Monday was a horrible day on Wall Street, as investors opened the short holiday week with a selloff. The Dow Jones Industrial Average was down as much as 575 points at points at one point, and the tech-heavy Nasdaq Composite posted larger percentage losses of nearly 3%. After years of buying on dips, investors seem to be more afraid than ever that the almost 10-year-old bull market is finally coming to an end. Negative sentiment about global trade, politics in Washington, and economic growth also weighed on stocks. NVIDIA (NVDA -1.32%), Spectrum Brands Holdings (SPB 0.24%), and Facebook (META -0.62%) were among the worst performers on the day. Below, we'll look more closely at these stocks to tell you why they did so poorly.

NVIDIA keeps losing ground

NVIDIA shares slid by 9%, adding to their 19% drop on Friday. Last week's decline was prompted by quarterly results that indicated sales slowdowns among products that had been growth drivers for the company, including its graphics processing units, which are popular among cryptocurrency miners. Then today, comments from a major U.S. producer of smartphones that indicated its sales had been weaker than expected sent ripples across the semiconductor industry. The implication that the issues facing NVIDIA and its peers could go well beyond the cryptocurrency markets woes left investors even more on edge, and until the tech sector sorts itself out, the company remains vulnerable to further pullbacks.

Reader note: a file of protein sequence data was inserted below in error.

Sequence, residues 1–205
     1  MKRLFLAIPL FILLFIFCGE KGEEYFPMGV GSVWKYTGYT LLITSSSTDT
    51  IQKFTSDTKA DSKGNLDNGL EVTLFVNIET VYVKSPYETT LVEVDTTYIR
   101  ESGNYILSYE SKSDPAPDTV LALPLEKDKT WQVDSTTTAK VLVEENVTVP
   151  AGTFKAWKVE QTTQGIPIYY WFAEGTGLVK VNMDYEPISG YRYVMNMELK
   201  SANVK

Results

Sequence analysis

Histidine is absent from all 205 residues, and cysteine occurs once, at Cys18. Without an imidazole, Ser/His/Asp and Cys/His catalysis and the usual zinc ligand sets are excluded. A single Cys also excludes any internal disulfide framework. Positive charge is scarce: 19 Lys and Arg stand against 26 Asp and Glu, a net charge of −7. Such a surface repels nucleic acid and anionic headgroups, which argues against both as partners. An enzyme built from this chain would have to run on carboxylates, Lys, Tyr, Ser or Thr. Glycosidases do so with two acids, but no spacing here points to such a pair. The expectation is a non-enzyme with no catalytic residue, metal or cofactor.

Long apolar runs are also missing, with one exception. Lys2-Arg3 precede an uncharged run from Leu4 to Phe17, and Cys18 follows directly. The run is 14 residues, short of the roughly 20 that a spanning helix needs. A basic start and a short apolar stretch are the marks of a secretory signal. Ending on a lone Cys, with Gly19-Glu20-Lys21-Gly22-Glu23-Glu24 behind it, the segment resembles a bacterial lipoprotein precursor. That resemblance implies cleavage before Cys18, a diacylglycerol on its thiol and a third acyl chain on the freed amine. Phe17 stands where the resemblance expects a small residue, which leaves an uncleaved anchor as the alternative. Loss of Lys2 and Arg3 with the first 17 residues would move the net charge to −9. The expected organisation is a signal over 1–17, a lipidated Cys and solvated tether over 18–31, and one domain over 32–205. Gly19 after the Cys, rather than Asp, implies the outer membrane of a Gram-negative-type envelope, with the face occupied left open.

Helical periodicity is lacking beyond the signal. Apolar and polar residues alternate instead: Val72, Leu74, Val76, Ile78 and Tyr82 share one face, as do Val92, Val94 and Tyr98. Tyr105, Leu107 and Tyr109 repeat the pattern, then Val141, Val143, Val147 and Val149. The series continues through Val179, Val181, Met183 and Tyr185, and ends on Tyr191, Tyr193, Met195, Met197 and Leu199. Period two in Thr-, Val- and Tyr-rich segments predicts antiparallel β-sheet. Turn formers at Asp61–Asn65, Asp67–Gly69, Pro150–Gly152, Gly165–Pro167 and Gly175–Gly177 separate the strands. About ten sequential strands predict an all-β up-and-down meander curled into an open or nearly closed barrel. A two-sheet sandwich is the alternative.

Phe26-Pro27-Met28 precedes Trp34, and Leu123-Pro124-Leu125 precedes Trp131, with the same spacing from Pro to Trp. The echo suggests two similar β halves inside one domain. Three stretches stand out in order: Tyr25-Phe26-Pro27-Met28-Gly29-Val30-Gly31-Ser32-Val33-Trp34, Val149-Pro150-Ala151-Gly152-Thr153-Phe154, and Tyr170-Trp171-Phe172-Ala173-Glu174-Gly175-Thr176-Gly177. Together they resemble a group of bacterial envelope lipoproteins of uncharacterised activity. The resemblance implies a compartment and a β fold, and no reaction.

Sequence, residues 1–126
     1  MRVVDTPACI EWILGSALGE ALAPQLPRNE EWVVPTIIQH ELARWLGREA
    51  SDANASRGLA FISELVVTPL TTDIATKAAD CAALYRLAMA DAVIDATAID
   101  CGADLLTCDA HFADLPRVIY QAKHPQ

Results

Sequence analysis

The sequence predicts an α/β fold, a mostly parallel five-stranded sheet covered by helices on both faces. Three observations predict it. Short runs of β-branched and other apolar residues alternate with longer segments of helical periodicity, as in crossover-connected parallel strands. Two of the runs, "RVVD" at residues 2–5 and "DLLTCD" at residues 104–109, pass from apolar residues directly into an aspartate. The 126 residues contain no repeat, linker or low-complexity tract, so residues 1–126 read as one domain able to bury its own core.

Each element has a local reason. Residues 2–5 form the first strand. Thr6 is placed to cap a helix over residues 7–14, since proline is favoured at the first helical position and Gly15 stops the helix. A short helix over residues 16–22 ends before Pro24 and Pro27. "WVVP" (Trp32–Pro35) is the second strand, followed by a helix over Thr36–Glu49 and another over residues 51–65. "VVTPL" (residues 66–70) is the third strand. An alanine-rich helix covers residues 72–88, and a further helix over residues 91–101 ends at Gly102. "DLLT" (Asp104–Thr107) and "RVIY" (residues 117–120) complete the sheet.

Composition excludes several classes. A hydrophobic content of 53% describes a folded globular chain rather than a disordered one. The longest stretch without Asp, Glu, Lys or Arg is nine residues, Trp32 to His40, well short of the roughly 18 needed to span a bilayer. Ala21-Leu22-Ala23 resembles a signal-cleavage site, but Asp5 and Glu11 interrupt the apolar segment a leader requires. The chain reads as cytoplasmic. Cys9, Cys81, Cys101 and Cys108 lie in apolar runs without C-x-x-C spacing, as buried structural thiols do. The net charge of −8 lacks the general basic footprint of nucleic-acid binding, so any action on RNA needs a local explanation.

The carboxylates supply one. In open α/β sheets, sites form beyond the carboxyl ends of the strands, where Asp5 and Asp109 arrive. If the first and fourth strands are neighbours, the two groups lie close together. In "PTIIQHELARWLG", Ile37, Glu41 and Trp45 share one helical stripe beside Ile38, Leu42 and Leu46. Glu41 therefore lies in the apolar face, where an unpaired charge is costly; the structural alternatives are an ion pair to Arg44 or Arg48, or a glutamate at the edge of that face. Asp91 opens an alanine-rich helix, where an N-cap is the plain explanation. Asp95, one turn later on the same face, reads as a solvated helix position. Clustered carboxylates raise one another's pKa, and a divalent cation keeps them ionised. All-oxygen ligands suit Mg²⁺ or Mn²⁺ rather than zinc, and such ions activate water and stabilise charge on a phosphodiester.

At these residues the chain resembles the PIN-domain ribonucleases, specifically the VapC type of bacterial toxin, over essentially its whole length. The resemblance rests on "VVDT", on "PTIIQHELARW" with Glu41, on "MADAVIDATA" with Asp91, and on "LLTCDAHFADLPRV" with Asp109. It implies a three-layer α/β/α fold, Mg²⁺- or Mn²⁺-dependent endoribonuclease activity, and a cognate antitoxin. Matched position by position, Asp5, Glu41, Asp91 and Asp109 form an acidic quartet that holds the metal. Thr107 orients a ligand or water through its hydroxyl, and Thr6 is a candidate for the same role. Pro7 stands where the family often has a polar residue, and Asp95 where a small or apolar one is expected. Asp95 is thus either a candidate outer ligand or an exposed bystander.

NVIDIA chip featured prominently on motherboard in an electronic device.

Image source: NVIDIA.

Spectrum fades to black

Spectrum Brands Holdings lost 17% after it announced its fiscal fourth-quarter results. The diversified consumer products manufacturer behind brands such as Black Flag bug spray, George Foreman grills to Armor All auto cleaner reported sales that were unchanged from the previous year's quarter, as well as a substantial net loss from continuing operations. Spectrum management said that the company's transformation following its merger with HRG Group continues apace, and asserted that it continues to make efforts to cut leverage, and to put its focus on the businesses with the highest prospects for profit and growth. Yet investors seem impatient with the pace of Spectrum's progress.

Facebook can't stop its downward spiral

Finally, Facebook's stock price dropped 5%. Despite the social media giant's ongoing financial success, shareholders have focused on the controversies surrounding CEO Mark Zuckerberg and his team, including their failure to respond more proactively to issues like Cambridge Analytica's use of private user data during the 2016 election campaigns. Now, investors fear that complying with whatever new regulations end up being imposed on Facebook could hit its profit margins, and eventually eat into earnings growth. Given that Zuckerberg holds firm voting control of the company, calls for a management shakeup are unlikely to lead anywhere, a situation that has some shareholders increasingly frustrated.